I’m not a big fan of the many attempts over the years to apply Buddhist principles to business management (although I do like the Kinder Institute’s use of “life planning” as a service model). It’s always seemed to be a bit forced, and usually pretty unrealistic. But the other day, I was talking about my work with advisory firm owners to a friend of mine who practices Zen, and he pointed out that the principles I use to teach owners to run more successful firms are right out of the Buddha’s sutras.
I’ve come to these principles not by reading religious texts, but by working with firm owners for many years. For instance, when I take a business owner as a new client, she or he is almost always worried about the future: How can the business grow? Where will new clients come from? How will we handle the additional work load? What new services should we add? How can I possibly work more than I do now? What will happen if or when the stock market drops?
These are all good questions to be sure. However, they are not questions that most advisory firm owners — or their business consultants — are in a position to answer today, which means that fretting about them now is just a waste of time and energy. When I start working with a new client, the first thing I do is to get them to focus on the present; specifically, on what they love about where their firm is now.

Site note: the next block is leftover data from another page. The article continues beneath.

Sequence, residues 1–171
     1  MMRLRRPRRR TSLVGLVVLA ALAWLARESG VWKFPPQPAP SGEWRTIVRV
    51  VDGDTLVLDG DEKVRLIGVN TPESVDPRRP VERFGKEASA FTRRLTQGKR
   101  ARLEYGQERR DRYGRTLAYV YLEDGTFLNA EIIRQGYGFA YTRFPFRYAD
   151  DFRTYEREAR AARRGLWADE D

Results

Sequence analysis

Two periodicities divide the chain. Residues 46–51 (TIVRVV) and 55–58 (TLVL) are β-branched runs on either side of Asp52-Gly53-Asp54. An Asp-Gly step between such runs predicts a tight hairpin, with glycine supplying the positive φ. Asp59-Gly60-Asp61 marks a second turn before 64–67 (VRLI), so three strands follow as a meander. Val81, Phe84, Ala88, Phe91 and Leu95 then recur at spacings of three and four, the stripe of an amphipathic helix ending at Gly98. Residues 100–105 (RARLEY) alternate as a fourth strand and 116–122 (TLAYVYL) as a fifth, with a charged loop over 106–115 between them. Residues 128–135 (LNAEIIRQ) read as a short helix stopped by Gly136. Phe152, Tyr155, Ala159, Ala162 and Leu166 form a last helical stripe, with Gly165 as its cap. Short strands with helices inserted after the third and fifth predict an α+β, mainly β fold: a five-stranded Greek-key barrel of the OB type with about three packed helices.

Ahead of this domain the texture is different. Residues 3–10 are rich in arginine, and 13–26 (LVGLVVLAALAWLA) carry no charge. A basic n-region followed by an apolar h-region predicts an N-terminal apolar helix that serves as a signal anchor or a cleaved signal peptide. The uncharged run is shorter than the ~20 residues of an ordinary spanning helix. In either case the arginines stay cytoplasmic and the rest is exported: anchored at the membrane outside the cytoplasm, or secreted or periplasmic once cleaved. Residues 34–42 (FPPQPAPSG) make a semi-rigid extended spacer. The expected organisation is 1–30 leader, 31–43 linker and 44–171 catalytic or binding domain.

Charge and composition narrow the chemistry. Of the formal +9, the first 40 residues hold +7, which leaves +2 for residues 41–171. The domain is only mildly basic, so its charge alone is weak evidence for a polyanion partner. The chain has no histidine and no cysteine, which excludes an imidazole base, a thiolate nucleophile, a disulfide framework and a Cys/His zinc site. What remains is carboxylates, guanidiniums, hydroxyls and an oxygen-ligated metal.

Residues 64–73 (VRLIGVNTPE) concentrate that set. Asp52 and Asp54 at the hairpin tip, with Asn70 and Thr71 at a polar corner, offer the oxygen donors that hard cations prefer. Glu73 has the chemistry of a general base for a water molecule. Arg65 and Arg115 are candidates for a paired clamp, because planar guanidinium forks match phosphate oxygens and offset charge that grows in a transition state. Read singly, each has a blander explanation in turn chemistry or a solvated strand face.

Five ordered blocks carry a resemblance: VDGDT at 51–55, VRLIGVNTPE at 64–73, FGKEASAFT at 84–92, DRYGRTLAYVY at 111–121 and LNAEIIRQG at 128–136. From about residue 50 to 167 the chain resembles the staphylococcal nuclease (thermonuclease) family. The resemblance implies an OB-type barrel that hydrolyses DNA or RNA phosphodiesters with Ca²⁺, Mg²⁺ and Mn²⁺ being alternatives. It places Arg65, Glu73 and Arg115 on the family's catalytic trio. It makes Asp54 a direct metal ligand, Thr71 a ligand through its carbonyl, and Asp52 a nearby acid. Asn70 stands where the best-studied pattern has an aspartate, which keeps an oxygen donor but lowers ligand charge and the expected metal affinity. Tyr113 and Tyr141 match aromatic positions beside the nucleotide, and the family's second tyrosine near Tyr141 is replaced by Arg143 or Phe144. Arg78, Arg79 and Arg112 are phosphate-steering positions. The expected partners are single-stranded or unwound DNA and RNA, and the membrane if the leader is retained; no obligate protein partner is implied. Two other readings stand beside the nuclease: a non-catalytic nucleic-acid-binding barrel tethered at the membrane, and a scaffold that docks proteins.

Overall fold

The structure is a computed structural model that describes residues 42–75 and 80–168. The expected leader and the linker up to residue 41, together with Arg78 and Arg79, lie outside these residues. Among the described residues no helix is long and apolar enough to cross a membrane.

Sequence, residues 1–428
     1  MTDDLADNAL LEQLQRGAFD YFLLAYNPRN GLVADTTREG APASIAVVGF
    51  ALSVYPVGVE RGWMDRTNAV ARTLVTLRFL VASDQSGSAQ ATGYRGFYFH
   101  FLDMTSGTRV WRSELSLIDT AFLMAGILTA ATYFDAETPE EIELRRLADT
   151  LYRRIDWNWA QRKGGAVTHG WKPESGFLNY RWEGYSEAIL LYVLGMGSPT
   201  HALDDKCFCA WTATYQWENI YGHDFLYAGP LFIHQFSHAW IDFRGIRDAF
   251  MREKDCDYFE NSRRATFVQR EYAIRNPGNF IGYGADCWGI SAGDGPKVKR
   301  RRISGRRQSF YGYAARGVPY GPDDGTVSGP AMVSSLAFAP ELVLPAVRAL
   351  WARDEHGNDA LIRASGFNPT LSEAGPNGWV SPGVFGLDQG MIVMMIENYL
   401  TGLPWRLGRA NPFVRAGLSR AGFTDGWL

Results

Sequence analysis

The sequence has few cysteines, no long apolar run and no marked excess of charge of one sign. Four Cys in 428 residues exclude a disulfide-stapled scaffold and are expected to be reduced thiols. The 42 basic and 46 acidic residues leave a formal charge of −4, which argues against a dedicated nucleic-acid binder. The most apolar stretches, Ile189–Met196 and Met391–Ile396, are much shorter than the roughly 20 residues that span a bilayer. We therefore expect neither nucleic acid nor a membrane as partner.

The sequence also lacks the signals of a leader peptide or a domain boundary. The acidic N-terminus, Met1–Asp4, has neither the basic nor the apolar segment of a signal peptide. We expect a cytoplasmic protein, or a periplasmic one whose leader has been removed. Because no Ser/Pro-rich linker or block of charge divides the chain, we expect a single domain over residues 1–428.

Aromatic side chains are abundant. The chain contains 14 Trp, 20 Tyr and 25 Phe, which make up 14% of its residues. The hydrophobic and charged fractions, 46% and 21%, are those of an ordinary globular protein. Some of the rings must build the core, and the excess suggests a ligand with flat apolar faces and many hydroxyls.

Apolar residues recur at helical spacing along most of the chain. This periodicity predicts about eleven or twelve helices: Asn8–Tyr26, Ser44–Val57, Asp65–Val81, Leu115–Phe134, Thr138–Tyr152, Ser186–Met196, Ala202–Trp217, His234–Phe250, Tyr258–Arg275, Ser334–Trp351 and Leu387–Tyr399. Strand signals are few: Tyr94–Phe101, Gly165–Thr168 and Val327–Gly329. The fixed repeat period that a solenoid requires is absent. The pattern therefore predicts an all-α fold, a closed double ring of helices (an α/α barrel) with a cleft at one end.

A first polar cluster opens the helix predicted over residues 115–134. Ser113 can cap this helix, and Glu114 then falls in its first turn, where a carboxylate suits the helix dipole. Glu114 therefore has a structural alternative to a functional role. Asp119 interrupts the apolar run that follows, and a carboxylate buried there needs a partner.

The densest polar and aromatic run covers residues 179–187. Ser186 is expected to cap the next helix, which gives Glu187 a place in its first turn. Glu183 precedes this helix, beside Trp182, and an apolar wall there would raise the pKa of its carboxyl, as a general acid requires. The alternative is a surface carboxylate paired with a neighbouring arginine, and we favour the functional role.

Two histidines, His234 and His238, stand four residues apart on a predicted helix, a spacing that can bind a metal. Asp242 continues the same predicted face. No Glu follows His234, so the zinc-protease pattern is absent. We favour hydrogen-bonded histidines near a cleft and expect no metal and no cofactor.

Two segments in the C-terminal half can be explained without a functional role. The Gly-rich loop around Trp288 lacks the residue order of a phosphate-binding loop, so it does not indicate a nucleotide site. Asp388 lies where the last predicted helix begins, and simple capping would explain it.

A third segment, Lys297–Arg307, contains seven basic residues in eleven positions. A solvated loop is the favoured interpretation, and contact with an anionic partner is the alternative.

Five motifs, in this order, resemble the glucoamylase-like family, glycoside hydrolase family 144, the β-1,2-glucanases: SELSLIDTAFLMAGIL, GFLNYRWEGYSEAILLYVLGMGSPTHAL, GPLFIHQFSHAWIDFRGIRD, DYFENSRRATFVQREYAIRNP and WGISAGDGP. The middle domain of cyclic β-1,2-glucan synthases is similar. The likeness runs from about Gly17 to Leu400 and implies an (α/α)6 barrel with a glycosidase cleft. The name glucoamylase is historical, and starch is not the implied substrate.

This new focus does two things. First, focusing on positives rather than problems elevates their mood and restores their physical and emotional energy. Second, it creates a mental starting place from which to talk about the future, and to build on, to create a business that they will love even more.
To redirect owner advisors’ minds away from a fearful future, and toward a happy present, I take them through the following five steps:
1. Live in the present. I’ve found the most effective way to do this is to get owners to live within the income they are generating right now — that is, to create a business model that does not require more. This shifts the conversation away from “needing” to grow the business, to “how do we want to grow” the business.
Often, I find that firm owners will live beyond their means simply because they know they can add one more client to catch up. The problem is that then they are always trying to catch up, which creates a large degree of anxiety. What’s more, the vast majority of owners today delay the whole tax thing. I make them file their tax returns on time, and pay the taxes and estimates on time, too.